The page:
These objects are accomplished by the present invention which provides for the production of hollow or filled filaments in the form of strands or toroidal shaped wafers or platelets, by a process comprising feeding a plastic material into a rotating centrifugal die at a rate and under conditions which starve the individual die orifices formed therein, until a filler is fed into the die to force the plastic material out of the orifices.

Upon feeding the filler to the die, the plastic material is extruded through the individual die orifices and radiates outwardly from the periphery of the die in the form of strands. An appropriate filler in the case of hollow strands may be air or an inert gas, whereas in the case of filled strands clays, binders, inert materials, sand or asbestos may be used,

Hollow or filled toroidal shaped wafers, or platelets, may be produced by positioning cutting means adjacent the periphery of the die to cut the extruded strands as the individual orifices, or row of orifices, rotate past the cutting means.

The process, as will be more apparent from the detailed description which follows, is extremely versatile in that a Wide range of plastic materials may be used. For example, plastic materials suitable for use in this process include polyethylene, polypropylene, polystyrene, saran, polyvinylchloride and other polymers and copolymers of a viscous nature.

The die comprises a cylindrical shaped spinneret having a plurality of unobstructed extrusion orifices formed about its periphery. Plastic material and filler material are fed to the interior of the spinneret from supply tanks adapted to supply the same thereto through feeder tubes, under predetermined rates of flow and conditions. The feeder tubes are arranged to expel the plastic material and the filler material within the spinneret in a fashion such that the spinneret need not be sealed.

The invention accordingly comprises the several steps and the relation of one or more of such steps with respect to each of the others and the apparatus embodying features of construction, combinations of elements and arrangements of parts which are adapted to effect such steps, all as exemplified in the following detailed disclosure, and the scope of the invention will be indicated in the claims.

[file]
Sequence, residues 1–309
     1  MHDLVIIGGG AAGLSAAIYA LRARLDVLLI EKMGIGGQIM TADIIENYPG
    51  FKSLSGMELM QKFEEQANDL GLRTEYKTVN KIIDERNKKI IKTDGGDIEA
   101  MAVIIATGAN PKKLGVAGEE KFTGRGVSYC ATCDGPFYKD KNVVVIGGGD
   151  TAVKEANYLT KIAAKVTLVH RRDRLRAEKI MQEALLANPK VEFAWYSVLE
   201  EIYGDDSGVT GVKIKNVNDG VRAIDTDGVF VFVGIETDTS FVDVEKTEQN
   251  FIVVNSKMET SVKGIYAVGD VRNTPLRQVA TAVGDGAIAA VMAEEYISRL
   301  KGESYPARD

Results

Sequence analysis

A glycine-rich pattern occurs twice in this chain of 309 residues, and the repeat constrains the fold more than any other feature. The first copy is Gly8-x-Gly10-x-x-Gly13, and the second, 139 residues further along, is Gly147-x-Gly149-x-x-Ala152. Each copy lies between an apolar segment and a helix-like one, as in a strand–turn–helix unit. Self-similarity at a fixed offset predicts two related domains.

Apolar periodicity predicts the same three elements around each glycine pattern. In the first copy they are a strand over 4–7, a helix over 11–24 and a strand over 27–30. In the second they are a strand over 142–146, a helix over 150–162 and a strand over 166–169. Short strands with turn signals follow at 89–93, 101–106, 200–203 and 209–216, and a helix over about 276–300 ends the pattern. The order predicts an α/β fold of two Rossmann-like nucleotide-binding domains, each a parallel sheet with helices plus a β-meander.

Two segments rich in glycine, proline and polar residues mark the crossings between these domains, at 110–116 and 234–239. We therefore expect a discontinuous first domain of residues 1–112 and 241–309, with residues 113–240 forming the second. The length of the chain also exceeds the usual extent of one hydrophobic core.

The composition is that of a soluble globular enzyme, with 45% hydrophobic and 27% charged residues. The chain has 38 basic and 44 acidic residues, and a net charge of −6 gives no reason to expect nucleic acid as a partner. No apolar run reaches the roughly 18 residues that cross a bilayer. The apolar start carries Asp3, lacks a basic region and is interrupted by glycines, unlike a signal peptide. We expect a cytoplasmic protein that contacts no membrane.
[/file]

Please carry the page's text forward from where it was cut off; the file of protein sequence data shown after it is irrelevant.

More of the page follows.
For a fuller understanding of the nature and objects of the invention, reference should be had to the following detailed description taken in connection with the accompanying drawing in which:

FIGURE 1 is a view of a spinneret and its associated apparatus, exemplary of the present invention, the orifices and the filaments shown being greatly exaggerated;

FIGURE 2 is a partial top view of the apparatus of FIG. 1;

FIGURES 3, 4 and 5 are sectional views of various modified forms of spinnerets exemplary of the present invention, which views also illustrate various modified feeder tube arrangements;

FIGURES 6 and 7 are greatly enlarged views of a smooth strand and a strand having nodules thereon, respectively, obtained in accordance with this invention when using the apparatus of FIG. 1; and

FIGURES 8 and 9 are side and cross-sectional views, respectively, of a toroidal shaped wafer, or platelet, obtained in accordance with this invention when using the apparatus of FIG. 1.

Similar reference characters refer to similar parts throughout the several views of the drawing.

Referring now to FIG. 1 which shows apparatus exemplary of the present invention, a spinneret 10 which is adapted to be heated, in any suitable fashion, is driven, either in a clockwise or counter-clockwise direction, by means of a motivating means, such as the electric motor 12, at a speed which is dependent upon the fluidity of the plastic material used, the attenuation required and the driving force required to extrude the plastic material through the orifices 14 formed about its periphery. The rotational speed, as will be explained more fully hereinafter, depending on the above mentioned factors, may vary from 1000 r.p.m. to 25,000 r.p.m. Electric motor 12 is accordingly of the type which is adjustable to provide a predetermined constant speed of rotation.

The spinneret 10 may have a diameter of a few inches up to 18 or 24 inches, depending upon the rotational speed required and the material from which it is constructed. Also, the orifices 14 can be formed about the periphery in a number of rows, with the orifices either in line, as shown, or staggered, and can be of various sizes, ranging from .010 to .100 inch in diameter. The orifices can also assume various shapes, for example, circular, rectangular, triangular, or irregular shapes. It may be further noted that the orifices are not obstructed, as taught by the above mentioned patent. The orifices 14 may therefore be easily and much less expensively formed in the spinneret 10, hence the manufacturing cost of the spinneret is relatively low. Furthermore, there is less likelihood that the orifices will become clogged from material sticking to the center obstruction in the orifices.

The spinneret 10 is cylindrical in shape and has closed ends, except for the opening 11 formed in the top wall 13 thereof. A pair of feeder tubes 18 and extend from a heated supply tank 16 into the interior of the spinneret, through the opening 11. Any suitable means may be provided for heating and for forcing the plastic material out of the supply tank 16 and through the feeder tubes 18 and 20 to the interior of the spinneret 10.